4. Kids need “kids’ food”
Not so! It’s crazy that most children’s menus feature foods that are beige, bland, oily and full of salt or sugar. Kids are not born wanting chicken nuggets and chips. Introduce your baby to different tastes and textures, so she will come to accept a normal, healthy diet. By the age of 1, a baby’s diet can be pretty much the same as yours, with a few exceptions. By 2, your toddler should be eating a variety of wholesome foods – the same healthy diet that suits the whole family.
5. Babies need bland food
Although Western babies are traditionally served bland foods, there’s no reason why older babies and toddlers who are accepting foods well shouldn’t enjoy a more flavourful diet. Babies learn their food preferences from their families. In fact, evidence suggests that babies become accustomed to the favourite foods of their culture or family through breastmilk, where stronger flavours like garlic, ginger, cumin and other spices are present in tiny amounts.
6. Introduce vegetables before fruit
Traditionally, vegetables are offered before fruit otherwise your baby will get used to the sweet taste and reject the stronger flavoured vegetables. There doesn’t appear to be any evidence to support this and, as some feeding experts point out, breastmilk is sweet anyway. There really are no hard and fast rules as to the order in which you introduce foods, as long as you avoid the “no-no” foods that could cause allergies or choking, or that are otherwise unsuitable for babies.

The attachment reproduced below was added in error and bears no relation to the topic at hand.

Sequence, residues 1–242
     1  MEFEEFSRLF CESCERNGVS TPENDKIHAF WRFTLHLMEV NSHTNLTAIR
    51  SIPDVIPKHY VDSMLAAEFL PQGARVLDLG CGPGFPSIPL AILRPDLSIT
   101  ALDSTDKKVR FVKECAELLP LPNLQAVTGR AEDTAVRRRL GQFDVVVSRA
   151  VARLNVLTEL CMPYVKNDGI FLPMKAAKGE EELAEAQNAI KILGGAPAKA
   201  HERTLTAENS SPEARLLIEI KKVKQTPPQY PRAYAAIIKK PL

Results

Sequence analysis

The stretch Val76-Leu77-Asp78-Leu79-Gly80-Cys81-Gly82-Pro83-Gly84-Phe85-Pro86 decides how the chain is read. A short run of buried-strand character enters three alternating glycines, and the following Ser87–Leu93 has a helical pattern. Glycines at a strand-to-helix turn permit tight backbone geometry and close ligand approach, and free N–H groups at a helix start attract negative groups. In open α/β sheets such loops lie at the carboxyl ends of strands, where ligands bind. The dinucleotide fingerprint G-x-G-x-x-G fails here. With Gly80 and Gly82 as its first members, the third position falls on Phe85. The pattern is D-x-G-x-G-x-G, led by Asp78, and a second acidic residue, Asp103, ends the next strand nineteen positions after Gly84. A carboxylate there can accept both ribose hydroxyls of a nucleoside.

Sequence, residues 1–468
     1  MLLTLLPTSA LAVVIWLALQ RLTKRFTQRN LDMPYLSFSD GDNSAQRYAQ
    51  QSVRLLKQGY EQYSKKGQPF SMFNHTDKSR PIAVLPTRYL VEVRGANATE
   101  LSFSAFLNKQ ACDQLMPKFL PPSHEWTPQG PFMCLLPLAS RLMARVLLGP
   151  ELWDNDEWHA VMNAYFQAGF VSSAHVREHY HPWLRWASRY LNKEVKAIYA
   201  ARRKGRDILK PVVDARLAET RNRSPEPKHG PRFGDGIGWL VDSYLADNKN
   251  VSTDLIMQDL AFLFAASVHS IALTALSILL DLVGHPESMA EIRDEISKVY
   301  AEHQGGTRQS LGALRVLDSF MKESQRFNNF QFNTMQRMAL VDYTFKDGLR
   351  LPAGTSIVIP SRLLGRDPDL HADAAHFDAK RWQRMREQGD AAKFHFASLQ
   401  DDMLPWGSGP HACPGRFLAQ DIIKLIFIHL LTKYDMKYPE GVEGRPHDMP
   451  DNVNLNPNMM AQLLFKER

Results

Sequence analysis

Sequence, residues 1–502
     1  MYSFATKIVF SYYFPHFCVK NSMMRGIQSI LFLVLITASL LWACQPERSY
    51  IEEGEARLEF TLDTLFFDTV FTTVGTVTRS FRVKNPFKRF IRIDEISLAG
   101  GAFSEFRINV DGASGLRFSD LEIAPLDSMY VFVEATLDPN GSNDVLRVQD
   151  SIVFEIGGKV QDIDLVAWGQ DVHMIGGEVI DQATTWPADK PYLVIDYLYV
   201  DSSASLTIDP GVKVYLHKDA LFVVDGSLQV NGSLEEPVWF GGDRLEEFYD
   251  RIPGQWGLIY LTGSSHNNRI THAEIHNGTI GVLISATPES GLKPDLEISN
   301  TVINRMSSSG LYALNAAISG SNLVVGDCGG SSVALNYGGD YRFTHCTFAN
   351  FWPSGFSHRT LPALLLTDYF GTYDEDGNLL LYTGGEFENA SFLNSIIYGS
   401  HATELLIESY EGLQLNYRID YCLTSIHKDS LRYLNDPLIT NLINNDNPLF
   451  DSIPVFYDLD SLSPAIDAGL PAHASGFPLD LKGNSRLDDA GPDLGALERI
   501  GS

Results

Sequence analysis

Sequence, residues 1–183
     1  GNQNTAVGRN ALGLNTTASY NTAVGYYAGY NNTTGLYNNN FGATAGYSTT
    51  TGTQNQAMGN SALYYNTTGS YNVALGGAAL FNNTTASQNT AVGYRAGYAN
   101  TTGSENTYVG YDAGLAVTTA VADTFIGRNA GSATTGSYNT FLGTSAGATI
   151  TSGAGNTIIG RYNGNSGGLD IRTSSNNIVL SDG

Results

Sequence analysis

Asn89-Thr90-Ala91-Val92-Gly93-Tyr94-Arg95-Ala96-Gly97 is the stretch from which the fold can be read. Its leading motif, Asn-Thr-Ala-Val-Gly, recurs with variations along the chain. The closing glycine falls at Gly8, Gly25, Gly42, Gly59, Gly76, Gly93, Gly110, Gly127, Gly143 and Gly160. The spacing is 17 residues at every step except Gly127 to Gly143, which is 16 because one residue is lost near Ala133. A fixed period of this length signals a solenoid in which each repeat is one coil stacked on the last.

7. It’s important to eat a variety of foods
Every foodstuff has a different mix of nutrients, so the more different foods your toddler eats, the better chance she has of getting all the vitamins and minerals she needs.
Irene Labuschagne, registered dietitian at the Nutrition Information Centre of the University of Stellenbosch (NICUS), says, “Children are growing so they need more nutritious food in proportion to their weight than adults. Ideally, a child’s diet should contain a suitable balance of nutritious foods, including fruit, vegetables, whole and enriched grains and cereals, milk and other dairy products, meat, fish, poultry and other protein sources. To provide all the essential nutrients, a child’s meals and snacks should include a variety of foods from each group.”